According to Sigmund Freud and other well known philosophers, one’s ability to love and work is deeply connected to one’s degree of happiness and satisfaction with life.

“Love and work are the cornerstones to our humanness” – Sigmund Freud

If Freud’s philosophy bears truth, and your ability to love, work & be productive is deeply connected to your general satisfaction with life, instead of looking for general traditional job hunting advice when moving careers, should we look to the practicalities of the dating world instead to help make the right decisions?

If you’ve tried online dating like the hundreds of thousands of people in Ireland who choose to proactively ‘look for love’ through a dating service, you’ll already know when you join up with a dating service you will be asked a number of questions about your likes and dislikes and what you see as your personality traits.

This is to ensure the service can match you with a person who is as close to you in nature as possible. It’s up to you to answer these questions as truthfully as possible to ensure a good fit – a partner who you will potentially be happy with!

“Love and work… work and love, that’s all there is…” Sigmund Freud

When searching for a new role, many of the articles, books and preparation guides cover what the employer wants; what they will ask you, what they look for in an employee, what you should be doing to insure against any potential variables in your interview.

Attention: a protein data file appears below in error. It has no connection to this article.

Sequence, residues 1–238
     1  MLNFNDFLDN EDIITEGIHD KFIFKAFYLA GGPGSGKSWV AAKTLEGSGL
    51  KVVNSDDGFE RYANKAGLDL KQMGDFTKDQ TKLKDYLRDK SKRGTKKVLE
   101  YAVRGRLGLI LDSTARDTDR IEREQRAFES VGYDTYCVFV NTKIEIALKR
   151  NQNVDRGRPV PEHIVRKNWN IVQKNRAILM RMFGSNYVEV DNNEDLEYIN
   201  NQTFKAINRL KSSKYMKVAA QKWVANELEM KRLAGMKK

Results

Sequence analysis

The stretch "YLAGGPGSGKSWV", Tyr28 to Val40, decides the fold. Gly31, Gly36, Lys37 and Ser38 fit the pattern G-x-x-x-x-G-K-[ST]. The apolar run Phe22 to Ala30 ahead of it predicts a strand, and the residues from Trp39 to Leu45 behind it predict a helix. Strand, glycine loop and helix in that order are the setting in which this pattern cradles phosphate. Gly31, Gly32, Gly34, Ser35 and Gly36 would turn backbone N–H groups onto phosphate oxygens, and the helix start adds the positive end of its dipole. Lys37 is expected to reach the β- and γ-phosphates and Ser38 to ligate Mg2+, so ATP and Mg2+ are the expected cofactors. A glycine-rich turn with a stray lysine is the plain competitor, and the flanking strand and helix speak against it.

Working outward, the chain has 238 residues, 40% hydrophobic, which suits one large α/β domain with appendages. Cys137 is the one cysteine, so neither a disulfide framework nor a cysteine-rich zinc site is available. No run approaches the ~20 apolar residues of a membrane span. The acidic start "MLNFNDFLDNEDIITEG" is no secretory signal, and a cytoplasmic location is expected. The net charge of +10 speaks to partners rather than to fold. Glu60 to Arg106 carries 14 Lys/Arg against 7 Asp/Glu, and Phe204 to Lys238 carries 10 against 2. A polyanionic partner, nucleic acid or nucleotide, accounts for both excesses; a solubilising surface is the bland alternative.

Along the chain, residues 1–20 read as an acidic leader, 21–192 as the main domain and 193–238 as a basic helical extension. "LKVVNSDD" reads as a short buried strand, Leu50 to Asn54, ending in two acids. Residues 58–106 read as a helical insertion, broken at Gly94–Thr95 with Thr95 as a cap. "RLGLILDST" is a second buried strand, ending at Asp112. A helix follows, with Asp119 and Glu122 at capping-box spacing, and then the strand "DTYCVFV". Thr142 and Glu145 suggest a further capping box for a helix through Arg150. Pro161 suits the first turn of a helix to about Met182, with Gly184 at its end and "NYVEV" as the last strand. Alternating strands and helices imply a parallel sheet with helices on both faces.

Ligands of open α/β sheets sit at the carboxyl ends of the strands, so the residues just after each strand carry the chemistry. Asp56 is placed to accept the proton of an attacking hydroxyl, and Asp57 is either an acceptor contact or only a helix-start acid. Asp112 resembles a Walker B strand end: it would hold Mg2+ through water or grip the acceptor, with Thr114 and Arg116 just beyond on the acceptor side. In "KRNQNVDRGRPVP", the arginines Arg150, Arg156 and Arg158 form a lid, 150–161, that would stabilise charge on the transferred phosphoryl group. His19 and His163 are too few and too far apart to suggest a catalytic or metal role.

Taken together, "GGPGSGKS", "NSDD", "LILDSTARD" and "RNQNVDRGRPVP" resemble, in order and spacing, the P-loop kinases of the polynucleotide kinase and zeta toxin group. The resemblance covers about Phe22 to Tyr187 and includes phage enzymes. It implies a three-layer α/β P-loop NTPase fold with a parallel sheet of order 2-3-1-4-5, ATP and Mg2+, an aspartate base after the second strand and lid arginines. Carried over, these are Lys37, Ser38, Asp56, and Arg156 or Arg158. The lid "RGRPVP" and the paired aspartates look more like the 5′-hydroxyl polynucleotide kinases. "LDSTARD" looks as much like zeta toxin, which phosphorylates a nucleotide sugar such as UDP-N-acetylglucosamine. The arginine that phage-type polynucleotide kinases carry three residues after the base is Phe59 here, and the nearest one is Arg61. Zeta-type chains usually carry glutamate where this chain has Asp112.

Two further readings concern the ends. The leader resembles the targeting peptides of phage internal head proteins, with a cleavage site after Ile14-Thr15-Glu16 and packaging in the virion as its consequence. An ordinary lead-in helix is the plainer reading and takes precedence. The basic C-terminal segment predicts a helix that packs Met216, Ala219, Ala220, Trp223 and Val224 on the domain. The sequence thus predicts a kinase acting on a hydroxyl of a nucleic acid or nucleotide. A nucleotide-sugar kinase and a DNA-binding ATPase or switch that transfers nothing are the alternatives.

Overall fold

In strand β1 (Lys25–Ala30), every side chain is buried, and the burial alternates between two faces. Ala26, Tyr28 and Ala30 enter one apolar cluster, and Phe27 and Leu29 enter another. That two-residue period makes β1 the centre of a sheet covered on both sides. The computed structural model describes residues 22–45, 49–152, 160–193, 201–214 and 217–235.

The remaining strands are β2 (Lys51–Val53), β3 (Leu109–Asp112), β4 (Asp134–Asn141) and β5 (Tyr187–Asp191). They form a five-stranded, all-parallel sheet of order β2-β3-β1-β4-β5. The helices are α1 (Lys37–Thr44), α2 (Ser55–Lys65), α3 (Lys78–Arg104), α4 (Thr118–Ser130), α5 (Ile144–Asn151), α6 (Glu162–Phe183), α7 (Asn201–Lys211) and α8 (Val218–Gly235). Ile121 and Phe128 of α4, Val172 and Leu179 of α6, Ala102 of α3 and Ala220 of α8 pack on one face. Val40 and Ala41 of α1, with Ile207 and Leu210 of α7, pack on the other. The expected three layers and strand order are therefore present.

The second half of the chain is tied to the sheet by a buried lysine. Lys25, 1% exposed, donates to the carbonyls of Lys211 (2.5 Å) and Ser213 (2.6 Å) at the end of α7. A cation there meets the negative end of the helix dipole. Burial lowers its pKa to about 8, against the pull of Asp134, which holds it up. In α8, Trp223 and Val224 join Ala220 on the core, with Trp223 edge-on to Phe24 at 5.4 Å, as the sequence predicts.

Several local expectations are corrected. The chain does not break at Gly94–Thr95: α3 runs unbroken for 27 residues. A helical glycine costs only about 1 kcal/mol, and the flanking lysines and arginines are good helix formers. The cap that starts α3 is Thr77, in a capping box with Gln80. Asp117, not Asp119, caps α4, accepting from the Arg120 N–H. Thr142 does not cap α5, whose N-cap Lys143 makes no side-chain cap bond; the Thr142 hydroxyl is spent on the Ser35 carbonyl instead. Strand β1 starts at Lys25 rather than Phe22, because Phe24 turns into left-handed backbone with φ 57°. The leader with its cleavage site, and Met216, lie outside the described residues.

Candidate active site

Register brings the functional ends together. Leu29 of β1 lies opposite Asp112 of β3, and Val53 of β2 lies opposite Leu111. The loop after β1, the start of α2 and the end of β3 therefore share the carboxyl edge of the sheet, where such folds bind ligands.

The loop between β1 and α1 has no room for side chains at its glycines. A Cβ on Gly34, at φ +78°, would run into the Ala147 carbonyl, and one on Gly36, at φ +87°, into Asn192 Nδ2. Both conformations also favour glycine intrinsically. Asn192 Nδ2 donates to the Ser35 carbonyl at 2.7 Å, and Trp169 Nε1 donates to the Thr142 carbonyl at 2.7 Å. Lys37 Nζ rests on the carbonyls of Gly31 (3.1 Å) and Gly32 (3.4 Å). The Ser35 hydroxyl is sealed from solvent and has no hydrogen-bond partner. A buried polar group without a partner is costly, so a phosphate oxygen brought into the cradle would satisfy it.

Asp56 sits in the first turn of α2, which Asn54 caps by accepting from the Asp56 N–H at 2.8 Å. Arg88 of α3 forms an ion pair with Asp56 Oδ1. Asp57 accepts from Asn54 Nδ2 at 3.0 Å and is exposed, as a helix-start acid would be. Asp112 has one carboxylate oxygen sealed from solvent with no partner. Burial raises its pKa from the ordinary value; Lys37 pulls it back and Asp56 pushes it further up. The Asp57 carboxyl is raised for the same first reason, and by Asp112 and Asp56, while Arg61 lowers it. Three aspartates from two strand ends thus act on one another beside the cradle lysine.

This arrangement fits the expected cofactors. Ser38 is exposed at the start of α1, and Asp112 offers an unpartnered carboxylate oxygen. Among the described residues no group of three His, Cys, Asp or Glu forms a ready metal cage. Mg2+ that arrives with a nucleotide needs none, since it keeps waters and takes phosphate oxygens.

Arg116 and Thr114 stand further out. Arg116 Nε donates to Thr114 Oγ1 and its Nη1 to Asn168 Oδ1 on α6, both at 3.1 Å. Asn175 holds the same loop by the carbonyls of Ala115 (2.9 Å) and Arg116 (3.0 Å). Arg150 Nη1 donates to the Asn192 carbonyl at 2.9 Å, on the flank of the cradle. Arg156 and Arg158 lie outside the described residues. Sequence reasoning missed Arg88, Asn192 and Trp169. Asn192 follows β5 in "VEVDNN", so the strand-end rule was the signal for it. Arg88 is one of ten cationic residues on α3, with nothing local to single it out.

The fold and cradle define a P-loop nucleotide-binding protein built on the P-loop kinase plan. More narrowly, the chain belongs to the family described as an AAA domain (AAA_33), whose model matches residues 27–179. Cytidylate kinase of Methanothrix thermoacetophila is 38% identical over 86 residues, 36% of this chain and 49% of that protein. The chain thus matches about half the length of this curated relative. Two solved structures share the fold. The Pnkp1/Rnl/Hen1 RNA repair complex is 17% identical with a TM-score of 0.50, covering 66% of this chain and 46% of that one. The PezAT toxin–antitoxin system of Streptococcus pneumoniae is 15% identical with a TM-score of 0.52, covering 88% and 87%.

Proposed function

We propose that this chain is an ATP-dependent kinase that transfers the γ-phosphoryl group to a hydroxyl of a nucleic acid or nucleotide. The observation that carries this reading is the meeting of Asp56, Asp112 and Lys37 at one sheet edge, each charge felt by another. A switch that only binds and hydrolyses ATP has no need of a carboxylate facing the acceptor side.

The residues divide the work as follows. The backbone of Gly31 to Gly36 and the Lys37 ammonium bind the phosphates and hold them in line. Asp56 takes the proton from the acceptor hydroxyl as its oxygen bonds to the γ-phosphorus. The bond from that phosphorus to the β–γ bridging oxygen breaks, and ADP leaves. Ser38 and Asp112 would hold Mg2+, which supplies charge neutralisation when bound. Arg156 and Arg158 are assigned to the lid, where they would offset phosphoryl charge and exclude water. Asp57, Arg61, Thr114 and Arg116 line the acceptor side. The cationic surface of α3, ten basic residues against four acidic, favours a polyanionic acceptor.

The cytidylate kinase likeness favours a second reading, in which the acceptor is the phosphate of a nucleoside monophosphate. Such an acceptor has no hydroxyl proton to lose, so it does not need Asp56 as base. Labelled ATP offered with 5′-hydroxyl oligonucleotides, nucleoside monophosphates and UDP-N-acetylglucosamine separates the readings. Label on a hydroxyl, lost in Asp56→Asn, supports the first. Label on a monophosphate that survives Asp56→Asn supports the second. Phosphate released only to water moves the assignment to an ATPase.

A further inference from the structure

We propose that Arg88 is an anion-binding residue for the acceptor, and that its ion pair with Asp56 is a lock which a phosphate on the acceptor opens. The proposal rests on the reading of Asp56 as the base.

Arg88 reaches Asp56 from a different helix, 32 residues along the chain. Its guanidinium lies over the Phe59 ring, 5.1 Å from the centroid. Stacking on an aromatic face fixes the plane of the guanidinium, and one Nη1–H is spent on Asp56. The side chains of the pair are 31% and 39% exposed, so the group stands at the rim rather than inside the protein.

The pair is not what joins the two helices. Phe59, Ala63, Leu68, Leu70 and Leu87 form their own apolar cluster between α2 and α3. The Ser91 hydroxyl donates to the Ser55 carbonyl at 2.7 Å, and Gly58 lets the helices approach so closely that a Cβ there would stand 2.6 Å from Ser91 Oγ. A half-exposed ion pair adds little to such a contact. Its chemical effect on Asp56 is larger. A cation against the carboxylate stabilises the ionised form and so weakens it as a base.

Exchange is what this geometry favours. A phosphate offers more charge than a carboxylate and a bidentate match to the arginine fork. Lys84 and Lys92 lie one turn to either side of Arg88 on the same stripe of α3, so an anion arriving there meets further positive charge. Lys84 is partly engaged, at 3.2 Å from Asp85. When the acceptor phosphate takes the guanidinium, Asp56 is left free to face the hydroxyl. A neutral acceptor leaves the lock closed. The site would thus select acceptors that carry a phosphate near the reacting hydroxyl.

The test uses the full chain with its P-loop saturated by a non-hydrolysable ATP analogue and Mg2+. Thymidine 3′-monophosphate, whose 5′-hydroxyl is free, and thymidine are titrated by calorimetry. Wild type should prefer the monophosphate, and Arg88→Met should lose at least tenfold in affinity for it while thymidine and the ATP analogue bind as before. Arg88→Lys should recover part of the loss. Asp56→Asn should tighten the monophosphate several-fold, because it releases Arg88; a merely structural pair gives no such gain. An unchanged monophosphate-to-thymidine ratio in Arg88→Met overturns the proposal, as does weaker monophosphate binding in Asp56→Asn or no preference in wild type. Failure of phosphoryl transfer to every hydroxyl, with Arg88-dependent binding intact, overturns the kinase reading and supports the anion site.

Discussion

In reality, could this traditional route of pondering the employer’s desires be as effective as estimating the length of a piece of string? In today’s career climate where candidates are learning their own worth – should they learn from the dating world and focus on what they are going to be happy with themselves?

Featured below are five useful tips taken from the art of dating to help you inject some heart into your job-hunt…

1) Make a list of “must-haves” and “complete deal-breakers”.

Anyone who has ever spent time on the dating scene knows that it can be nerve-wracking out there – not dissimilar to interviewing for a new job! First dates can be a particularly pressurised atmosphere. The awkward getting-to-know-you question-and-answer session, the sleuthing for signs of their interest in you, and the sinking feeling you get upon realizing you have to spend the rest of the evening in the company of someone with whom you do not share chemistry.  If you have ever attended an interview and realised it was not the ‘one for you’ – it mighn’t have seemed a million miles away from a date that flat lined.

When job hunting, you need to know what you want in order to find it. When you’re looking for a partner, you know what you want, right? You might insist on only going out with a die-hard Ed Sheeran fan or shy away from a smoker.